Small Business Association to U.S. House: Reject Anti-Regs Bills





Washington, DC (Press Release – December 7, 2011) – Small business leaders in the Main Street Alliance network sent an open letter to members of the U.S. House of Representatives today urging them to oppose three anti-regulatory proposals, slated for consideration on the House floor this week, that threaten the stability of small businesses, their customer base, and local economies. The Regulatory Accountability Act (H.R. 3010), the REINS Act (H.R. 10), and the Regulatory Flexibility Improvements Act (H.R. 527), while promoted on the pretext of helping small businesses, would ultimately shift greater risks and higher costs from large corporate actors – including Wall Street banks, big polluters, and big insurance companies – onto small businesses.

The Main Street Alliance released the following statements from small business leaders in response to the regulatory rollback proposals:

Kelly Conklin, co-owner of Foley-Waite Associates in Bloomfield, NJ and leader with the New Jersey Main Street Alliance:

“Bills like the Regulatory Accountability Act and the REINS Act are just the next examples of shifting risk and shifting costs from big businesses to small businesses. These bills would gut rules and standards that protect small businesses, the communities where we live and work, and the customers we rely on for our livelihoods.

“I’d like to know, how will rolling back financial standards and allowing another financial crisis help small businesses? How will rolling back environmental rules and allowing another BP spill help small businesses? To hear these proposals being marketed in the name of helping small businesses, it’s just infuriating. This is small business identity theft – using our good name to push an agenda that benefits narrow special interests at our expense.

“Once again the political ambitions of a few are being placed above economic recovery, environmental common sense and the health and safety of small business owners, our employees, and the communities we serve.”

Jim Houser, owner of Hawthorne Auto Clinic in Portland, OR and co-chair of the Main Street Alliance of Oregon:

“These attacks on basic regulatory standards are misguided at best. They completely miss – or ignore – the fact that standards and regulations create jobs and support innovation.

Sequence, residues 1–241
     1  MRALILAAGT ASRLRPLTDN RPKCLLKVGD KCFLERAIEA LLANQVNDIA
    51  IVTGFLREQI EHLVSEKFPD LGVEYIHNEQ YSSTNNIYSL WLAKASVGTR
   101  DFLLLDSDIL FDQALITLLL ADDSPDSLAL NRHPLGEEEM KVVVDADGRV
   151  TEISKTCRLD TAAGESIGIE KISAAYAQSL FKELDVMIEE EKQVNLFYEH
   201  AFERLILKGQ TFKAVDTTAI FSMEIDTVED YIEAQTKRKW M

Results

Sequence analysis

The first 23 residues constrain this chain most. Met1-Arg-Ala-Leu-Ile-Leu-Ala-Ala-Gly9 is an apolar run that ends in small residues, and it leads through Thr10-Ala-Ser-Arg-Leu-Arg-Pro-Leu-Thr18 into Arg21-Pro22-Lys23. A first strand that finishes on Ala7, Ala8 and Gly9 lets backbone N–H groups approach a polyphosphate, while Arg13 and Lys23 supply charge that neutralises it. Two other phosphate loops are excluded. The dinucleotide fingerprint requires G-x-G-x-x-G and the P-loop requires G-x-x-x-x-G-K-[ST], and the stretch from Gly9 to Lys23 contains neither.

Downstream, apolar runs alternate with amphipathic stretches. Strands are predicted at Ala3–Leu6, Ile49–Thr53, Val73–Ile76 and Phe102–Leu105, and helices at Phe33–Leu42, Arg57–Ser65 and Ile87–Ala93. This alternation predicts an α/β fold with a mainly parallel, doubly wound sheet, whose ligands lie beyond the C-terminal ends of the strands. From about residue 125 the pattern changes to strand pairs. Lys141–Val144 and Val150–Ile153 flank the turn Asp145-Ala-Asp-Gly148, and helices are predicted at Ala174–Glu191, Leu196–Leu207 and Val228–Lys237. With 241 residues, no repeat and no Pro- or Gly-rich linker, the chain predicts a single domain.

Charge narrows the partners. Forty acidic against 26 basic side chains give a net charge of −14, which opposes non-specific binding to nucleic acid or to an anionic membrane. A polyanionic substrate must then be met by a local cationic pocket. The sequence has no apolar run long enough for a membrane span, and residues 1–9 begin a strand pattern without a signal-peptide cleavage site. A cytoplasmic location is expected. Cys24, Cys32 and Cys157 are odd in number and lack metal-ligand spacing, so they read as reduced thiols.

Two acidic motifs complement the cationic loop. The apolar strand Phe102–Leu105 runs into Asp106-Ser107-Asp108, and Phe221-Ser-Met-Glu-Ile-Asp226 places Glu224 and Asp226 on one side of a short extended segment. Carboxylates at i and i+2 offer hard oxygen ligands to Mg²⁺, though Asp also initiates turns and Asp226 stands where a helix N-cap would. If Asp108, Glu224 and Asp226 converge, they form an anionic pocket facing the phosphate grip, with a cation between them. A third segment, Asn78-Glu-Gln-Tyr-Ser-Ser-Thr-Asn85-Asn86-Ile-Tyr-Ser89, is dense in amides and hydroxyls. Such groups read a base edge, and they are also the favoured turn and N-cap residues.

“Just look at my industry, auto repair. In our sector, smart, focused automobile emission standards protect the air we breathe, provide needed employment for the nation’s repair technicians who keep our vehicles running clean, and promote innovations that help U.S. companies be on the cutting edge of new automotive technologies.”

Garry Ault, owner of All Makes Vacuum in Boise, ID and leader with the Idaho Main Street Alliance:

“I’ve been trying to sell my small business and retire for over a year. I had to cut the selling price back to the point where I would make only $1,500 more than I paid for my business in 1980. Why? Because of the policies of the last 20 years that deregulated our financial sector, encouraged reckless gambling on Wall Street, and precipitated the 2008 financial crisis and this Second Great Depression small businesses are struggling to pull through today.

“Deregulation is a scam – it helps the big guys at the little guy’s expense. Our politicians have got to know that by now, and if they do then there’s just no excuse for pushing this agenda that’s going to hurt small businesses even more.”

Melanie Collins, owner of Melanie’s Home Childcare in Falmouth, ME and leader with the Maine Small Business Coalition:

“Deregulation that helps narrow, big business interests – like banks, insurers, and oil companies – has the reverse effect on small businesses, who are the majority of our job creators. Compromising environmental protections and the ability to maintain healthy communities with a healthy customer base is counterproductive to small business job creation and an economically vibrant future.

“What small businesses need are customers – Americans with spending money in their pockets – not deregulation that gives big corporations free reign to cut corners, use their market power at our expense, and force even more small businesses to lay people off and close up shop.”

The Main Street Alliance is a national network of state-based small business coalitions. MSA creates opportunities for small business owners to speak for themselves on issues that impact their businesses and local economies.

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